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Native Americans suffer from 'historical trauma,' researcher says

by Edna Steinman

 
Participants at the Native American Family Camp sing “Amazing Grace” in their native languages during a worship service. The family camp was held July 19-23 in Redlands, Calif., by The United Methodist Church’s Native American International Caucus.
Participants at the Native American Family Camp sing “Amazing Grace” in their native languages during a worship service. The family camp was held July 19-23 in Redlands, Calif., by The United Methodist Church’s Native American International Caucus.
Image by: Edna Steinman
Source: United Methodist News Service

The treatment given to American Indians as the United States pushed its boundaries westward has resulted in an ongoing emotional condition that a Native American social worker-researcher calls "historical trauma."

Maria Yellow Horse Brave Heart, research associate professor in the Graduate School of Social Work at the University of Denver, described her work at the 2005 Native American Family Camp, held July 19-23 at the University of Redlands. The annual event is sponsored by the United Methodist Church's Native American International Caucus.

Historical trauma has a layering effect and is the "cumulative emotional and psychological wounding over the life span and across generations, emanating from massive group trauma," she said.

Historical or intergenerational trauma is similar to that suffered by the Jewish people as a result of the Holocaust, the Japanese Americans interned in California at the beginning of World War II and African Americans suffering the aftermath of slavery, she said.

Native American history meets the 1948 Geneva Convention's definition of genocide, Brave Heart said, defining genocide as the intent to destroy a national, ethnic, racial or religious group. She said research has shown the U.S. government never intended the long-term survival of Native Americans.

During the Civil War period, Congress passed a resolution stopping negotiation of treaties with Indian tribes and decided to establish two reservations, one east and one west of the Mississippi River. Involvement in the Civil War kept Congress from implementing this plan.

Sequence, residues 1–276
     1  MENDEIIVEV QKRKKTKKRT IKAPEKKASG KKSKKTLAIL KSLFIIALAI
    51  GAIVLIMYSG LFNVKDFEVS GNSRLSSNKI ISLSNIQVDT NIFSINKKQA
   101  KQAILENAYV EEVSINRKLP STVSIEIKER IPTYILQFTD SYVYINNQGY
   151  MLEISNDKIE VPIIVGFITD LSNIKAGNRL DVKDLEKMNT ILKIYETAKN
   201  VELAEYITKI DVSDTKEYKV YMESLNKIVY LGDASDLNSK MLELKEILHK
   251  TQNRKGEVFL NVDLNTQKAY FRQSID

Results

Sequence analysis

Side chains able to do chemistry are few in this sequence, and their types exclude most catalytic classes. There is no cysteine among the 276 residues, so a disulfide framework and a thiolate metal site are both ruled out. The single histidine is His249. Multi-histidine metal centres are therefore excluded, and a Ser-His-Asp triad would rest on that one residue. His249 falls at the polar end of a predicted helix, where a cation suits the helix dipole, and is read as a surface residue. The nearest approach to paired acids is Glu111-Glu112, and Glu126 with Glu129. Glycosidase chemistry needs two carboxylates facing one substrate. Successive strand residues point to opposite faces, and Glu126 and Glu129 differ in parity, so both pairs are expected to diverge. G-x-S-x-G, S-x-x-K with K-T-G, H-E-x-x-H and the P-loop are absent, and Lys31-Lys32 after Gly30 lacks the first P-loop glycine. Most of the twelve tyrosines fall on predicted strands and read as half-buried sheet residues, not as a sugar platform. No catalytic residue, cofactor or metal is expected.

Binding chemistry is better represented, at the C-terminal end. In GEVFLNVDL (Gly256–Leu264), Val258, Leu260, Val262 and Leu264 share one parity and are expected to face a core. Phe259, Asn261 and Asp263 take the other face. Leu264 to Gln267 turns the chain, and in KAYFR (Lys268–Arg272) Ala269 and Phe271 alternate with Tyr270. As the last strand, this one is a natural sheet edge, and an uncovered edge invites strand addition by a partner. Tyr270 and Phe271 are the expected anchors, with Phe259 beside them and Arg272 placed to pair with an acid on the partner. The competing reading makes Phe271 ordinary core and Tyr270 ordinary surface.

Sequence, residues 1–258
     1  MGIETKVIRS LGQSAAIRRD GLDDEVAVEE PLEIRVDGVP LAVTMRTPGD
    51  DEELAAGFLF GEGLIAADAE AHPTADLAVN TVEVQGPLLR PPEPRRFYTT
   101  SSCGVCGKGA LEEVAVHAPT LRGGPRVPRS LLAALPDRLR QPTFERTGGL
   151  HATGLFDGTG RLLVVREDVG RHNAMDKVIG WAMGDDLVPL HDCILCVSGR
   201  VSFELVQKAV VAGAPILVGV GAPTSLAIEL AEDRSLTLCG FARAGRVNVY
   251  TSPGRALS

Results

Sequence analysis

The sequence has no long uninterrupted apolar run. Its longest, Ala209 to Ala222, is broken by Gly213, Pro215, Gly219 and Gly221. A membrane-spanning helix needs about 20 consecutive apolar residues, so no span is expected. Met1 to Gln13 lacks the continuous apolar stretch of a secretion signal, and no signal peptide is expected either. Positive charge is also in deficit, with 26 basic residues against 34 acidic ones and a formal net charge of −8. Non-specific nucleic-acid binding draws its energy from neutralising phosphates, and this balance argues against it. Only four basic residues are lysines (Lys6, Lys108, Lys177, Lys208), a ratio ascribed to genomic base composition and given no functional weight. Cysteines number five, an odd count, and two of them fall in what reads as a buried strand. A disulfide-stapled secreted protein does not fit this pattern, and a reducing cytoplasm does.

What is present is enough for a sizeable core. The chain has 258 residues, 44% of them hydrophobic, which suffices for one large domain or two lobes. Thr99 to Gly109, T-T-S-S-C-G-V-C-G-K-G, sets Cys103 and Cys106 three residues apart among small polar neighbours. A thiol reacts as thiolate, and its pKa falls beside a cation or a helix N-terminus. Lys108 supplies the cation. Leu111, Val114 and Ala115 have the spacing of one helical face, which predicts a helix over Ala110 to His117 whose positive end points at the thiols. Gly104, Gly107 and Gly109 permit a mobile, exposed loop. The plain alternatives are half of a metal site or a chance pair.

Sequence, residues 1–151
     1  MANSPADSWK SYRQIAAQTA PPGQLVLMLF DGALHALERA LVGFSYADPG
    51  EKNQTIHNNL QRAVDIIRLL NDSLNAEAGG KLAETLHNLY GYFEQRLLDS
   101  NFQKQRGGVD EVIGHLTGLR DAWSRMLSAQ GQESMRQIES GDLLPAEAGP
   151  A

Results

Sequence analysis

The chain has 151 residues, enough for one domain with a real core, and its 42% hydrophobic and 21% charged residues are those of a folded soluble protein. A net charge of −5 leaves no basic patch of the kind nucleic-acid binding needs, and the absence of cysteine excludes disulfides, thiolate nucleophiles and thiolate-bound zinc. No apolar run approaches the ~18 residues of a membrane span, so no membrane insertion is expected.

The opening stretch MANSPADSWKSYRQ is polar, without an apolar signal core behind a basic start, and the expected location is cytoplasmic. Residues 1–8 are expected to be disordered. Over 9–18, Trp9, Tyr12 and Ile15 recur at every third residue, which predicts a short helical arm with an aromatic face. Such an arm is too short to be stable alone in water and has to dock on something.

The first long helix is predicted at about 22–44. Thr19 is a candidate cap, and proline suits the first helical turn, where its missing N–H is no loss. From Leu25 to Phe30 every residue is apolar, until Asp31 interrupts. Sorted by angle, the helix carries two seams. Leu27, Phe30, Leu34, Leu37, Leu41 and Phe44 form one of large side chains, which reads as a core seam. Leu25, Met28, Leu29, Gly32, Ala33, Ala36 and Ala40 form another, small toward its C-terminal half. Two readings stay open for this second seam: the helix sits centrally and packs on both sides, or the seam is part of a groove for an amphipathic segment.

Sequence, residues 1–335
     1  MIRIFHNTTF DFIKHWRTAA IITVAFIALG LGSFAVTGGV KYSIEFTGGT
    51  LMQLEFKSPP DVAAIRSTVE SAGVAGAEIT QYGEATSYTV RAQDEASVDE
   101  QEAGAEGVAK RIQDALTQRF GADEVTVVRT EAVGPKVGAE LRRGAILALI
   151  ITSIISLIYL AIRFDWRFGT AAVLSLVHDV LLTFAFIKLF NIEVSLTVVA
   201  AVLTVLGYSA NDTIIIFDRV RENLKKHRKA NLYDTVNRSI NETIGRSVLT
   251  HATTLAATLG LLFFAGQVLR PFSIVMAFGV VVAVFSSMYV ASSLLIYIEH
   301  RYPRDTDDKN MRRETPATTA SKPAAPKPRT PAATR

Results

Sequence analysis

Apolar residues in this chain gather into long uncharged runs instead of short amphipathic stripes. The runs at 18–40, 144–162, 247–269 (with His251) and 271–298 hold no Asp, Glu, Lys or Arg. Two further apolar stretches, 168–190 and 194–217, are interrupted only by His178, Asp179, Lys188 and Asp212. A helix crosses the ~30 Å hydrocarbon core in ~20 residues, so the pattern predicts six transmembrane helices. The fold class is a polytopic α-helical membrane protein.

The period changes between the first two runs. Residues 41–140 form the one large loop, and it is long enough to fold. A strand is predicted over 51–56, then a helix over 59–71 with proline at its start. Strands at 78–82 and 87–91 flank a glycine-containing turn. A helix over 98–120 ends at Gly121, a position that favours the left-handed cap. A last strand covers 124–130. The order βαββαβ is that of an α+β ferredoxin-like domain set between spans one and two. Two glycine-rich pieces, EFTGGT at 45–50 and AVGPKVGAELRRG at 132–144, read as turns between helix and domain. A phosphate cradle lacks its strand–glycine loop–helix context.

Brave Heart cited the government-run Indian boarding schools as a major factor in the historical trauma. Congressional documents outlined the boarding school policy of forced separation of Indian children from the tribal communities. Gender roles and family relationships were impaired at the boarding schools, where the focus was on the European tradition of male-female relationships and not the Indian tradition of holding women and children sacred. The boarding schools compounded the trauma with a loss of parenting skills, a loss of the child's identification with the parents and other complex processes, she said.

Children of boarding school survivors passed the trauma on to their descendants, but not on purpose and not consciously, said the professor.

Type II diabetes was common among Native American people, fostered both by the overcrowded, deficient conditions in boarding schools and by trauma-caused stress hormones that wear out the body.

Historical trauma generates such responses as survivor guilt, depression, low self-esteem, psychic numbing, anger, victim identity, death identity, thoughts of suicide, preoccupation with trauma, and physical symptoms, Brave Heart said.

The positive outcomes needed to overcome this intergenerational trauma are a reduction in shame, a better feeling of self-worth, an increase in joy and health, a stronger sense of parental competence, greater use of traditional language, an improved relationship with children and the extended family, and increased communication, she said.

Brave Heart founded the Takini Network in 1992 as an avenue to help overcome historical trauma. It has sponsored workshops to help Native Americans.

Her recent work includes numerous book chapters and journal articles focused on historical trauma and parenting curricula. Her research was primarily with the Lakota reservation population in South Dakota. In 2001, she initiated an international conference for massively traumatized peoples, bringing together Native Americans, Jewish Holocaust survivors and descendants, Japanese internment camp survivors and others.

The annual Native American Family Camp, a five-day conference, brought together adults and youth from across the United States. Funding for some of the programs came from the National Centers for Disease Control and Prevention, the United Methodist Board of Global Ministries and the Youth Service Fund, administered by the Division on Ministries with Young People at the United Methodist Board of Discipleship.

*Steinman is a freelance writer and former annual conference newspaper editor in Redlands, Calif.


 
 
 

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Date posted: Jul 27, 2005